Sacrificing principle for the sake of marginalized groups is short-sighted
At the first-ever nationally televised debate between candidates for the Libertarian Party, the subject turned to a fundamental issue: the freedom not to associate. The subject concerned anti-discrimination law, particularly as it affects religion.
Gary Johnson was asked whether he, as president, would retain laws that prohibit discrimination based on religion. He said he would, especially given the current political climate in this country. There’s so much anger out there, he said, that he would be concerned about Muslims being denied access to basic utilities, for example.
Opponent Austin Petersen immediately seized on this compromise of principle. People must have the freedom to associate or disassociate based on whatever criterion. If they do not, he said, a Jewish baker would be forced to bake a cake for Nazis. Johnson agreed that non-discrimination would imply exactly that.
It was the best moment of the debate, and it sparked a thousand Reddit and Facebook discussions.
Who is right?
One objection is that this hypothetical is wholly unlikely in any case. Why would a Nazi demand such a thing from a Jew? If the Jewish baker really refused a Nazi, could he actually expect to be prosecuted for doing so?
However unlikely this scenario would be in the United States today, it is not entirely ahistorical. In the early years of the rise of the Nazis, party members demanded boycotts of Jewish businesses. This was part of their propaganda to whip up the public into scapegoating Jews for all the sufferings of the German people. Over time, public antagonism intensified to more direct forms of attacks and exclusions, from lootings, pogroms, ghettoization, concentration camps, and finally gas chambers.
A Slippery Slope?
Supporters of anti-discrimination law cite this as a case in point. If you let people refuse service based on a religious criterion (or race, sex, disability, and so on) you create a slippery slope. What starts as a bigoted choice ends in more violent modes of exclusion. Yes, this can lead to weird results such as forbidding a black-owned hotel from barring a Klan member, and a Jewish baker forced to service to a Nazi based on religion. But this is small price to pay, they say, for a more generalized atmosphere of tolerance.
Let’s consult the great economist Ludwig von Mises, a Jew himself, who was actually present in interwar Vienna and personally affected by the rise of anti-Semitism. It kept him from obtaining a position at the city’s great university, and it eventually drove him out of his beloved Austria. Eventually arriving in the United States, he wrote what might be considered the most anti-Nazi book ever: Omnipotent Government (1944). It opposed Nazi racism and anti-Semitism but also the entire Nazi economic policy that itself was rooted in a form of legal discrimination of some producers over others.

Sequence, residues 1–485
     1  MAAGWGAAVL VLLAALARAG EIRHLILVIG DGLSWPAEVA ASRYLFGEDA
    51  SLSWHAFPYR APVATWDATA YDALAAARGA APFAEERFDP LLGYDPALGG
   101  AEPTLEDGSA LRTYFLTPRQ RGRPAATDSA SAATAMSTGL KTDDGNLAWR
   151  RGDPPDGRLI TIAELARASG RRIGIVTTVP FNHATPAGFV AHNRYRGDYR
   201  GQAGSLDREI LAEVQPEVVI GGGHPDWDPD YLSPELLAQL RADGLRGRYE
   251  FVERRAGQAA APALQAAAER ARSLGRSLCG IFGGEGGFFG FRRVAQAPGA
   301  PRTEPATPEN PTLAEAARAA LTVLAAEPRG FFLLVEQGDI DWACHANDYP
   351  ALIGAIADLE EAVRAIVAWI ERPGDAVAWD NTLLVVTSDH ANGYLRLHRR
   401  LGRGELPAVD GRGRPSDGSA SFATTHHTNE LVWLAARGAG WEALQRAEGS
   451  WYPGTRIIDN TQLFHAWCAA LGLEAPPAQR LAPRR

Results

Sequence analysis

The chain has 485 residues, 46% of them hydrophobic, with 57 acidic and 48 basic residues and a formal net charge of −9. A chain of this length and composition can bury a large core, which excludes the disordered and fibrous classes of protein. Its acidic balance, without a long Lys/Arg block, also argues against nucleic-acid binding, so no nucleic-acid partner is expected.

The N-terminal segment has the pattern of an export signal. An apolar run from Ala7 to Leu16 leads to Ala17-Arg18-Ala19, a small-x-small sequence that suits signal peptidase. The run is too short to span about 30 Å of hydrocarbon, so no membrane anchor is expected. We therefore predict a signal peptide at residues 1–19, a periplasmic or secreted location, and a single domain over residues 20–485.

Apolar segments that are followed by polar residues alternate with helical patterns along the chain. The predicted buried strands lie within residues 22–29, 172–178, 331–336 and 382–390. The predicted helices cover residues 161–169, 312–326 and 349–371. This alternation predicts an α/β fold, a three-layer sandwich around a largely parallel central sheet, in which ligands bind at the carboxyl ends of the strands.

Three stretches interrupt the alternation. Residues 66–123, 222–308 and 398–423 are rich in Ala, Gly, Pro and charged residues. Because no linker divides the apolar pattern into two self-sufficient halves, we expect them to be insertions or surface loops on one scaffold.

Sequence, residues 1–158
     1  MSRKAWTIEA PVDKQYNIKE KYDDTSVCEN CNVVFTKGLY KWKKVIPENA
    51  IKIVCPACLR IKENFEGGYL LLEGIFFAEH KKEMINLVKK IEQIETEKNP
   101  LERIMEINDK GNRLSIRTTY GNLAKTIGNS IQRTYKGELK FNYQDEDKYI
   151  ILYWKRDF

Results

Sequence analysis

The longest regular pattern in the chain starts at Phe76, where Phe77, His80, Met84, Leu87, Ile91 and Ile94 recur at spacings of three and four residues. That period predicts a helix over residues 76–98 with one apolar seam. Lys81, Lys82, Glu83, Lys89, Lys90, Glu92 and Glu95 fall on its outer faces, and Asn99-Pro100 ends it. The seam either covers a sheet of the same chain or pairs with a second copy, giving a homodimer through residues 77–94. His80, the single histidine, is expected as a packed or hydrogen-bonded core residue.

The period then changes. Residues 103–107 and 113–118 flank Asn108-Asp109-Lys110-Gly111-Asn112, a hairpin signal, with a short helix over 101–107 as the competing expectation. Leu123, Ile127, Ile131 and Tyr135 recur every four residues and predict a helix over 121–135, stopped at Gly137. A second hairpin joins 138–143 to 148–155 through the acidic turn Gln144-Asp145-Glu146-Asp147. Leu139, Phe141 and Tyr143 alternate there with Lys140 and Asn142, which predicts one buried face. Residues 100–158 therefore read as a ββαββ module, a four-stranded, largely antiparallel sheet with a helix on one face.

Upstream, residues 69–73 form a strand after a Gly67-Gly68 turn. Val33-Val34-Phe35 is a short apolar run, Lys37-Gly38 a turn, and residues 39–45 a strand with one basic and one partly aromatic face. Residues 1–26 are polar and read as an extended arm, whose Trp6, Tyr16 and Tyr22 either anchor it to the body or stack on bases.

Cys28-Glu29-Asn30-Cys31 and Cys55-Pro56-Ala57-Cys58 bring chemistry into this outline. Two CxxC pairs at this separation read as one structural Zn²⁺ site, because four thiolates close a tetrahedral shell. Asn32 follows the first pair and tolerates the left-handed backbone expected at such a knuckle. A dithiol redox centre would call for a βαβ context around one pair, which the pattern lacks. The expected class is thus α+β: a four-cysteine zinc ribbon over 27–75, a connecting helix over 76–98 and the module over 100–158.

Choice and Coercion
Where did Mises stand on the issue of discrimination? He distinguished two kinds: that extending from choice and that imposed by law. He favored the former and opposed the latter. He went even further. He said that a policy that forces people against their will creates the very conditions that lead to legal discrimination. In his view, even speaking as someone victimized by invidious discrimination, it is better to retain freedom than build a bureaucracy that overrides human choice.
“In an unhampered market society there is no legal discrimination against anybody,” he wrote. “Everyone has the right to obtain the place within the social system in which he can successfully work and make a living. The consumer is free to discriminate, provided that he is ready to pay the cost.”
What might this principle imply?
A Czech or a Pole may prefer to buy at higher cost in a shop owned by a Slav instead of buying cheaper and better in a shop owned by a German. An anti-Semite may forego being cured of an ugly disease by the employment of the ‘Jewish’ drug Salvarsan and have recourse to a less efficacious remedy. In this arbitrary power consists what economists call consumer’s sovereignty.
These choices are up to the consumer, and, presumably, the producer too.
In a world in which people have grasped the meaning of a market society, and therefore advocate a consumer’s policy, there is no legal discrimination against Jews. Whoever dislikes the Jews may in such a world avoid patronizing Jewish shopkeepers, doctors, and lawyers.
And yet, if you have a social movement that is just dead-set against a certain group, and pushes a strategy of boycotts and exclusions, does it eventually end in harming people in devastating ways? So long as markets are working, Mises says the answer is no.
Many decades of intensive anti-Semitic propaganda did not succeed in preventing German “Aryans” from